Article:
Are you looking for somewhere special in Chicago or the suburbs to take your mother for Mothers Day 2012? Whether your idea of the perfect gift is a day of pampering mom at her favorite spa, or maybe just spending quality family time together, the Windy City presents a variety of different choices. Chicago hosts a variety of Mother’s Day-themed brunches, events, and specials, giving you plenty of options for spending an afternoon (or weekend!) spoiling mom. Look no further as we have assembled a number of excellent resources for you to peruse.
Moms go free at Medieval Times restaurants this weekend with a paid admission
Click here for an Examiner rundown on for gluten-free options in Chicago on Mothers Day.
This Mother’s Day, whether your mom prefers a champagne brunch or a swanky dinner, OpenTable restaurants are ready to roll out the red carpet. Many restaurants are offering FREE mimosas, Bloody Marys, and champagne for moms on Mother’s Day.
How about treating mom to a picnic outside to enjoy the weather and nature. Mom can kick back, relax and still enjoy spending time with her family. She’ll enjoy homemade sandwiches Dad can make with the kids, or if that’s too adventuresome there are plenty of places where you can pick up some nice sandwiches and sides to take along with you. CBS 2 Chicago has some places in mind.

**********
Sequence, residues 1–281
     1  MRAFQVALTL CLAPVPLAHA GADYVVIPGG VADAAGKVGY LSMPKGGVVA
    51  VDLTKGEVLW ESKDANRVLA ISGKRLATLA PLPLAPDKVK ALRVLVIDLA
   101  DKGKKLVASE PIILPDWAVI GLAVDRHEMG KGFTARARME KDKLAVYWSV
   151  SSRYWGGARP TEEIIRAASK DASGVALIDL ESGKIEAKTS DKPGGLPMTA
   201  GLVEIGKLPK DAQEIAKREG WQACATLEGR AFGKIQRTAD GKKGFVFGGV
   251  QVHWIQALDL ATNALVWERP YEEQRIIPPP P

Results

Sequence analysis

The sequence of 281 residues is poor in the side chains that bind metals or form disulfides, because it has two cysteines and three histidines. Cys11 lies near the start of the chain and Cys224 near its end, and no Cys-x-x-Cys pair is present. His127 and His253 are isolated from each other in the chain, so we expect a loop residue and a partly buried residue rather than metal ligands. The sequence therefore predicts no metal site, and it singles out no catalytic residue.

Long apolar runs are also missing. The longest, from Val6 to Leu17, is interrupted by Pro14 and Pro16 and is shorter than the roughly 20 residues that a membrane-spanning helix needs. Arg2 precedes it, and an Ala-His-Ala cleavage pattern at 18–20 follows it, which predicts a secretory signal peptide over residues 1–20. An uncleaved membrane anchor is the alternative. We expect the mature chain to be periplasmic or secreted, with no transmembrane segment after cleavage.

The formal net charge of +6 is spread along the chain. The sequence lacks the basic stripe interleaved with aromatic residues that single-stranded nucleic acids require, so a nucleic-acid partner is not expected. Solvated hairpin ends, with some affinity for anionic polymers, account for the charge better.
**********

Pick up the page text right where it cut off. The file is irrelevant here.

Maybe your mom does not fit the typical mold. Try something different this year for Mother’s Day. Chicago Now has some ideas for moms of all types. Try one on for size to see if it fits your mom.
Forget giving your mom the standard chocolate and flowers this Mother’s Day. Chicago moms deserve something a little more special and a bit more extravagant. If your mom enjoys whipping up a delicious meal, running around the gym after a long day or creating a piece of art to show off to her family and friends, CBS 2 Chicago’s gift guide has you covered.
ABOUT MOTHER’S DAY
The American version of Mother’s Day was started by Anna Marie Jarvis, after the death of her own mother in 1905. To honor all mothers, Jarvis asked people to wear white carnations on the second Sunday in May. The first observances were held in Grafton, West Virginia, where her late mother had lived. By 1908 Mother’s Day was being celebrated in Philadelphia, San Francisco and a few other places. Meanwhile, Jarvis worked to spread the holiday. She sent pamphlets to women’s clubs in various cities, asking for help. In Chicago, the Mother’s Day cause was taken up by Sarah Warrell. On May 4, 1909, the Tribune ran a short interview in which she described the holiday.